On Saturday I had the honor of speaking at WANACon, the online writers’ conference sponsored by Kristen Lamb’s WANA International.
I’ve spoken at many conferences, to authors’ groups, in libraries, and on the radio. I spent five years as a law school professor and almost twice that many in adjunct teaching roles. I long ago passed the point where fear was a factor in public speaking.
Until this weekend.
As the hour of my talks approached, I found myself increasingly nervous – sick-to-the-stomach nervous, something I haven’t felt in over a decade. I told my husband about it, and (as usual) he found the solution almost at once: technology.
When I’ve spoken before, I’ve spoken either in person or (on the radio) with an interviewer guiding the talk. I’d never lectured via web-conferencing software, and the new experience took me out of my comfort zone. I wasn’t worried about the talks. I know my subjects and know them well. I was worried about interfacing with a computer instead of a human, and about goofing up because I had to lecture out of sight of my audience.
Those who know me probably find this funny. I’ve adapted to blogging, to Twitter and Facebook and Skype. I use FaceTime to talk with relatives on a regular basis, and I’m a huge fan of tech that lets me connect with family, friends and readers.
Yet WANACon scared my boots off. (Literally … I did the sessions barefoot.)
As it turned out, I didn’t have to worry. The technology worked exactly as planned and from what I could tell, the attendees enjoyed the sessions. After a nervous minute or two, I loosened up, established my bearings, and had a fantastic time. (Big thanks to Jami Gold for moderating, too – her confidence helped me re-establish my own.)
The experience taught me a valuable lesson about flexibility and preparation. My willingness to take a chance allowed me to reach an audience that I never could have reached in another way. Even so, if I hadn’t been well prepared, it wouldn’t have been as easy to conquer my fear. Having conquered it, however, I find myself looking forward to the next time I have the chance to reach an audience this way.
The lesson in this applies across the board: as authors and as people, we need to be willing to step outside our comfort zones, and to be as prepared as possible when we do. Facing fears is never easy, but the positive payoffs – for ourselves and for those we can help and reach – is more than worth the risk.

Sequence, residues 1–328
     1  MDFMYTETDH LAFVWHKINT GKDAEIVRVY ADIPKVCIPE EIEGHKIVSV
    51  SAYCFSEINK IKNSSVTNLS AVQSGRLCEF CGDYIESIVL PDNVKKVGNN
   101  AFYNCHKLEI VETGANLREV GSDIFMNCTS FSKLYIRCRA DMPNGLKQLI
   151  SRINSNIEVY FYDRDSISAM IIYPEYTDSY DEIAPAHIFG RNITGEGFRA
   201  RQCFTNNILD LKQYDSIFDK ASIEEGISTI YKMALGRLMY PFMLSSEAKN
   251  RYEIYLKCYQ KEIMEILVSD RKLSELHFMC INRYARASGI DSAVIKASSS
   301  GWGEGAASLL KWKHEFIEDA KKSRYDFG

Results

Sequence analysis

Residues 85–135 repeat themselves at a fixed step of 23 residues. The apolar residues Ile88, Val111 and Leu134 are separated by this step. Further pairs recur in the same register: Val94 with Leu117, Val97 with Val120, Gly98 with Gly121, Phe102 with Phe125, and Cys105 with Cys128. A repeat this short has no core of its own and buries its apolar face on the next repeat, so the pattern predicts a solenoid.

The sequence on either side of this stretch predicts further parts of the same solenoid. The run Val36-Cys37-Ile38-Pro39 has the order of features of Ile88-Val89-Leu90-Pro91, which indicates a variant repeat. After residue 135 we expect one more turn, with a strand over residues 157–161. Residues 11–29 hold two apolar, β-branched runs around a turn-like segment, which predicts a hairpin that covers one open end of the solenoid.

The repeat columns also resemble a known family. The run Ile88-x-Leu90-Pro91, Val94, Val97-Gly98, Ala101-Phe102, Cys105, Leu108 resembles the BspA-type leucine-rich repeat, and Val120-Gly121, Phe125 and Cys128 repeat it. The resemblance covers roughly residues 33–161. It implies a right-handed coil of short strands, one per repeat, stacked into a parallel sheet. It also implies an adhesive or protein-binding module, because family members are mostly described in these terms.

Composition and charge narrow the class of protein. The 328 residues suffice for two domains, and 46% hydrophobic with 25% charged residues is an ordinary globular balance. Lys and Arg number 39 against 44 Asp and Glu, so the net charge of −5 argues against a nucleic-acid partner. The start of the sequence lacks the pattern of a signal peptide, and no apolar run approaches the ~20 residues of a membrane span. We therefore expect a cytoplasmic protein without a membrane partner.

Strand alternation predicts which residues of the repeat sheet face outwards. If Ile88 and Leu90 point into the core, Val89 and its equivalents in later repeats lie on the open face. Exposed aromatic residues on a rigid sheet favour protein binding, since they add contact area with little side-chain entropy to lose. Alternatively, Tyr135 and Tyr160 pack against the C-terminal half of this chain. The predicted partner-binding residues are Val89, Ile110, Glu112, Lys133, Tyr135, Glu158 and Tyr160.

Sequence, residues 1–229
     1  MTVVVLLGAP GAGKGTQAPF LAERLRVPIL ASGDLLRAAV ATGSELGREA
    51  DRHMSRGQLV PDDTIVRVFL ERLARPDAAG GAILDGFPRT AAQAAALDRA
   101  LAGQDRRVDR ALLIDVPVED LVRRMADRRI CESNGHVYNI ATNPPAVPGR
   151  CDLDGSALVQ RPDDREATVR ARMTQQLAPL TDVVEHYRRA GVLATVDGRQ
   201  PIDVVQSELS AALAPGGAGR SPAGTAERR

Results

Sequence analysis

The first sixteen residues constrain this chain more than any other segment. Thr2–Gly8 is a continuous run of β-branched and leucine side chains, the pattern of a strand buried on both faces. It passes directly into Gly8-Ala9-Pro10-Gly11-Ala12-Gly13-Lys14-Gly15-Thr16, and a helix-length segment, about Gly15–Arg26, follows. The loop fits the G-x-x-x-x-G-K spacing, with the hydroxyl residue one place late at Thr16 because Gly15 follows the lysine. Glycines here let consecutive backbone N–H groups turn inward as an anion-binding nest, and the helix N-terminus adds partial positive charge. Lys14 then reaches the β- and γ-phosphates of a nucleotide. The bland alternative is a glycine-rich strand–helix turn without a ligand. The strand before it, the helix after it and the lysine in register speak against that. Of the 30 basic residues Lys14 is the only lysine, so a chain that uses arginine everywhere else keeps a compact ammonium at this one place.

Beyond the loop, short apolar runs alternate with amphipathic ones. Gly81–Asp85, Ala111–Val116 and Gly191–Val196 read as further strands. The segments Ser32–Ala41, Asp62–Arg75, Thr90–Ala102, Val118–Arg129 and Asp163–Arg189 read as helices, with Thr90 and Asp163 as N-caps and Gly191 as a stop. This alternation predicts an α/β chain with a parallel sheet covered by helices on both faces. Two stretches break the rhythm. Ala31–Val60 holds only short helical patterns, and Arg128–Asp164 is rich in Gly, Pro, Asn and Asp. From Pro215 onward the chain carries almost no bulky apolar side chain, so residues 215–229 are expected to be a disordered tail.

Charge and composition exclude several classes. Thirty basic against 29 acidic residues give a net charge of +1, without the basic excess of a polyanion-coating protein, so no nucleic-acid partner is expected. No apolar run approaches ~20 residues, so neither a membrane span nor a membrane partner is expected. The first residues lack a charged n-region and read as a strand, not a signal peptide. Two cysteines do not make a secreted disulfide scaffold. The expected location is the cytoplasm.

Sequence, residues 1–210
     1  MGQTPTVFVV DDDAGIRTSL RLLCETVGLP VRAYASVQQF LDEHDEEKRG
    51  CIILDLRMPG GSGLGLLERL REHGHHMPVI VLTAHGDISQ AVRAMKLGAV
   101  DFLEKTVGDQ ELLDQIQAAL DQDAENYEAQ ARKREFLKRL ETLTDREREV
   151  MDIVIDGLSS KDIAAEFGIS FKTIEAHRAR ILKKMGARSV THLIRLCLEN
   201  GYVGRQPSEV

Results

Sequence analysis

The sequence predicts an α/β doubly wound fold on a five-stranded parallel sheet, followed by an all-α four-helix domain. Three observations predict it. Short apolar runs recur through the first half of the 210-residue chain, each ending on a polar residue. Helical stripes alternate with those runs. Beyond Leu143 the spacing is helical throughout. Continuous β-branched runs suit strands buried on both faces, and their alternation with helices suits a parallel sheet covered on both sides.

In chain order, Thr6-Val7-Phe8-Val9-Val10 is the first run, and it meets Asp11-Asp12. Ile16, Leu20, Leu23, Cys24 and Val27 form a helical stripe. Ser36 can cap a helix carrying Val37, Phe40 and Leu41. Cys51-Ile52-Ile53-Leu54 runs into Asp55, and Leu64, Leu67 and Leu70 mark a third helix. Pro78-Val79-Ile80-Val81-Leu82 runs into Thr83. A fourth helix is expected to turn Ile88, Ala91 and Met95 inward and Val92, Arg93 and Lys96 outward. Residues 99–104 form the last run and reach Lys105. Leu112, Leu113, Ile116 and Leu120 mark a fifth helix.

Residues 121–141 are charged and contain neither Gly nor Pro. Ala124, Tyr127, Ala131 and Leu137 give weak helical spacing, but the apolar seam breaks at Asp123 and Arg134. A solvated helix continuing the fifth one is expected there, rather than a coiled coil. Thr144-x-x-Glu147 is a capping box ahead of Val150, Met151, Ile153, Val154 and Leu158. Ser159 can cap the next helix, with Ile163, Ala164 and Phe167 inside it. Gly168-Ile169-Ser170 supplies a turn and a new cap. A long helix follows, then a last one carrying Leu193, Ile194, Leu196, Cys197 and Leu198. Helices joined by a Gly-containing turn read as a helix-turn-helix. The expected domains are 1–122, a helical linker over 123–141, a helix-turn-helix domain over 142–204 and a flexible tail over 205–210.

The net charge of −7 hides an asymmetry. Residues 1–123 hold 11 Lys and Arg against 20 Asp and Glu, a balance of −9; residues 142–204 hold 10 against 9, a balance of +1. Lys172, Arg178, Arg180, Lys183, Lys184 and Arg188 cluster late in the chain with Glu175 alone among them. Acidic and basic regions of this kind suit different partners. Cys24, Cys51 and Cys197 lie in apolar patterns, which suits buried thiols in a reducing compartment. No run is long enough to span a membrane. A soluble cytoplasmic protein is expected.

10 thoughts on “WANACon, Fear, and an Unexpected Victory”
You did fantastic, Susan! You didn’t come across as nervous at all. 🙂
Seriously, I *loved* your presentations.You saw me admit in the chat box that I have a “girl crush” on you now, right? LOL!
Jami, you cracked me up with that comment. I’m so glad you liked the presentations. It’s hard, sometimes, to make law interesting but I sure try! I used to tell my law students that if I’m teaching something boring, I need to at least try and spice it up or it bores me too!
Susan, if you were fearful or lacking confidence, you sure had the rest of us fooled. Your presentations were professional, eloquent, and very clear to someone like me who knew nothing about your subject. I learned so much! As an aside, my husband walked into my office while you were speaking, and he said ‘Who’s that? She’s very well-spoken.’ So there you have it: you have the Hubby Seal of Approval. lol You did a great job, and thank you SO much for being so generous with your knowledge and time.
Thank you so much Kristin. It makes me very happy to hear that people enjoyed the presentations and learned from them. I love getting feedback, because it helps me know when I’m on the right track (and also what I can improve on!). And please tell your husband I said thank you too – that’s a great compliment!
Susan – You were professional and articulate. I kept wondering how you could lecture, pick up a question from the chat box, answer it and move back into your lecture so seamlessly. I never even saw your eyes shift! I learned so much from you, and I hope I have the opportunity to hear you present in the future. Kudos.
Thanks Elen – I really appreciate the feedback. I was trying hard not to look like I was staring at the question box – I tried to read peripherally so I’m glad it worked out from your perspective!! This was my first time lecturing to the laptop camera, so I actually put a little cat toy (with googly eyes) on top of the camera so I’d remember where to look. When I got nervous … I looked at the “goofy duck”!
I thought I used up all the nervous energy in getting the technology to work. 36 hours before the conference, nothing was working. I was a ball of stress with *flailing Muppet arms* and pondering a new career as a WalMart greeter.
Glad you enjoyed it! We were thrilled to have you and I very much enjoyed both your sessions!
Thanks Jay! You know, it’s nice to hear someone else was as nervous as I was!! You did an amazing job with the technology – everything worked perfectly from what I could see!
Susan, you *are* incredibly well-spoken as a commenter (and her husband!) remarked above. I also enjoyed the benefits of your dread, as you gave me the trick of “talking to a face.” I used my Lego man zookeeper the next time I taught on camera. It …sort of…helped! Grin.
Aww, thank you Erika! I’m glad that I could be of help – you’re an awesome friend.
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